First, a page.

“The plan could help reduce fuel poverty, will be hugely beneficial to the social housing sector and it’s predicted, cut millions from the healthcare budget as people will be living in warmer, cleaner homes. Jobs wise, it’s predicted that there could be between 2400 to 3500 direct jobs, excluding the supply chain and knock-on roles and positions.

“It’s thought that the Government already invests £60bn a year on energy efficiency programmes and schemes. Our plan represents a smaller investment and much more conjoined approach.

“These plans have been in discussion for over a year. The existing players are already well established, we need no big earth-moving developments or innovations or technologies, everything is already in existence, ready to go.

“The payback is very attractive. These schemes are already beginning to happen nationally and we don’t want to get left behind. We already have higher energy prices here compared to other regions and we don’t want to be continually penalised when these alternatives exist and are cost-effective.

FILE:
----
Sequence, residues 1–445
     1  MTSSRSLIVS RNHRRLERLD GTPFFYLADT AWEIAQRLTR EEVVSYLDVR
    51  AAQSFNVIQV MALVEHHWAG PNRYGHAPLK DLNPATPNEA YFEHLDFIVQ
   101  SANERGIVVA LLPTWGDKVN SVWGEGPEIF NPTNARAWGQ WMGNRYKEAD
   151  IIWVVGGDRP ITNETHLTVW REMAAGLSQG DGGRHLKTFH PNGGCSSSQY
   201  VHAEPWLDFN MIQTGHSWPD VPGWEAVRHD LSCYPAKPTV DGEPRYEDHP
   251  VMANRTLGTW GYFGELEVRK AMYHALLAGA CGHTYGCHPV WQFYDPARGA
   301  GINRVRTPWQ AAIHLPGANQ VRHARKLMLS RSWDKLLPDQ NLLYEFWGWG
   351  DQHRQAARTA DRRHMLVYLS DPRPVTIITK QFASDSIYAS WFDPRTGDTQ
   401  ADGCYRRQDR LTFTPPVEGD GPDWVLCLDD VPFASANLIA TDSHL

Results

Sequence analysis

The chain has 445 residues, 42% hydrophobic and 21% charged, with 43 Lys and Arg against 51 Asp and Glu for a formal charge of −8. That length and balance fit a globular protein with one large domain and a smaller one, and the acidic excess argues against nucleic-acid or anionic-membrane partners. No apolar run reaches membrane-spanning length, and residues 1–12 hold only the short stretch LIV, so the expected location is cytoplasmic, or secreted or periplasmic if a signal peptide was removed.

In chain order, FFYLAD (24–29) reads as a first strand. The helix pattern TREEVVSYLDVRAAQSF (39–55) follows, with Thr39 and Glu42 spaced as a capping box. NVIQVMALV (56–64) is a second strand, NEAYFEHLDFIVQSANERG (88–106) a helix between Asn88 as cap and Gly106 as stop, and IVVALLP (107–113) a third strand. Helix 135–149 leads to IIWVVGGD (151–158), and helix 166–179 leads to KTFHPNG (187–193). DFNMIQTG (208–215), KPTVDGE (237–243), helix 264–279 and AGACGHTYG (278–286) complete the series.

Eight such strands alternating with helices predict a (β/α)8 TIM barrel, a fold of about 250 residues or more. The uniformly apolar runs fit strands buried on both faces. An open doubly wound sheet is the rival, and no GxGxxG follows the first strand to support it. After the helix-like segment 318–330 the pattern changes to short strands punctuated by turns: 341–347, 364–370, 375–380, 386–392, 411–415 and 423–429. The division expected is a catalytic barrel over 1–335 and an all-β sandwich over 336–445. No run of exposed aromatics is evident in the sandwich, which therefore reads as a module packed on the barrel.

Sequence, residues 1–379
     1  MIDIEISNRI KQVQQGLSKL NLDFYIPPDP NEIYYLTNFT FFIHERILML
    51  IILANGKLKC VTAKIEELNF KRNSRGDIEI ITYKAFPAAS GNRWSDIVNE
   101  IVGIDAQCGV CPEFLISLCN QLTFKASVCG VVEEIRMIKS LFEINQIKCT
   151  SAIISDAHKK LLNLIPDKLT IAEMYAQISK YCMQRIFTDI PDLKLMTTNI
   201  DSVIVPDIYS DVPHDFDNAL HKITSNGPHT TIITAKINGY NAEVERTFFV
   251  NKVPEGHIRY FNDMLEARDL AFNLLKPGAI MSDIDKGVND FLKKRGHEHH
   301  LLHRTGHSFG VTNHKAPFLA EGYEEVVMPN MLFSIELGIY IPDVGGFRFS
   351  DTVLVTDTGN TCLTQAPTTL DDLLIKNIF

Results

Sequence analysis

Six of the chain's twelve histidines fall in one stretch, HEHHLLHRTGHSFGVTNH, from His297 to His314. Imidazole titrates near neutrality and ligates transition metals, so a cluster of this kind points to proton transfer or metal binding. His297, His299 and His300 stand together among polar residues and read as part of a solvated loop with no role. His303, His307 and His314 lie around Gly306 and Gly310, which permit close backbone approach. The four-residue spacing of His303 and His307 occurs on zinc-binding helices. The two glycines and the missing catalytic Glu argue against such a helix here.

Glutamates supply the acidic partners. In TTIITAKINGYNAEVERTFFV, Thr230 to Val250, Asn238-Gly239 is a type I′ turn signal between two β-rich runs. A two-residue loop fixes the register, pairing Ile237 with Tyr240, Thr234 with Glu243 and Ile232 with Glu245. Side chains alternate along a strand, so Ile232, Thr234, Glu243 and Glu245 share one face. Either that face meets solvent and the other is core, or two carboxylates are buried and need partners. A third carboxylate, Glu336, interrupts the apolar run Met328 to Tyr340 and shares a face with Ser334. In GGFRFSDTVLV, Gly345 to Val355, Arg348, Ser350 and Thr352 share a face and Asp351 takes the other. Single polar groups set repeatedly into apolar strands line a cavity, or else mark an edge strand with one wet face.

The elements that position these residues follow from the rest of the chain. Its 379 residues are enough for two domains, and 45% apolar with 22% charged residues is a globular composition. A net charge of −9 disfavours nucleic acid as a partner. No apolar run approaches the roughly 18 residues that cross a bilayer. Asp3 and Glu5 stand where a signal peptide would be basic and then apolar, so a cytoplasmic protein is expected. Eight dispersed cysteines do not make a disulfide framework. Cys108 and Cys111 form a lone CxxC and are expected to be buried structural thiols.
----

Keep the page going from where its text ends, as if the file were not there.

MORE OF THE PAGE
“It’s obvious, and this is borne out in the many supporters from different business backgrounds, that this is a win-win plan for everyone. This is a great opportunity which should be grabbed with both hands.

“This is the way ahead for Northern Ireland plc.”

Peter Bunting, assistant general secretary of the Irish Congress of Trade Unions is another supporter of the scheme.

“This document and comprehensive business plans could be a very important step for the future of Northern Ireland,” he said.

“There is an eclectic mix of people and groups behind the New Green Deal for a reason — it’s something that everyone can agree is very positive as an |instrument of job creation, a |way to improve the environment and a way to save money in the long term and get us back on the road to recovery.

“It ticks boxes for everyone.

“We have a very strong coalition who will be lobbying the politicians, we need the backing |behind it.

“Jobs wise, this will see a real mix of old and new skills and technology. We have the traditional hands on skills, we have new, emerging green technologies and we could have the old giants of the manufacturing industries like Harland and Wolff, who are market leaders in producing turbines, all working together.

“This plan, if implemented, could put Northern Ireland ahead of the pack in terms of energy efficiency in homes and businesses. We could send people abroad to teach them what we have done and people could come here to look and learn — the spin-off potential is enormous.

“If this goes ahead it could be an inspiration to innovators everywhere.”

Belfast Telegraph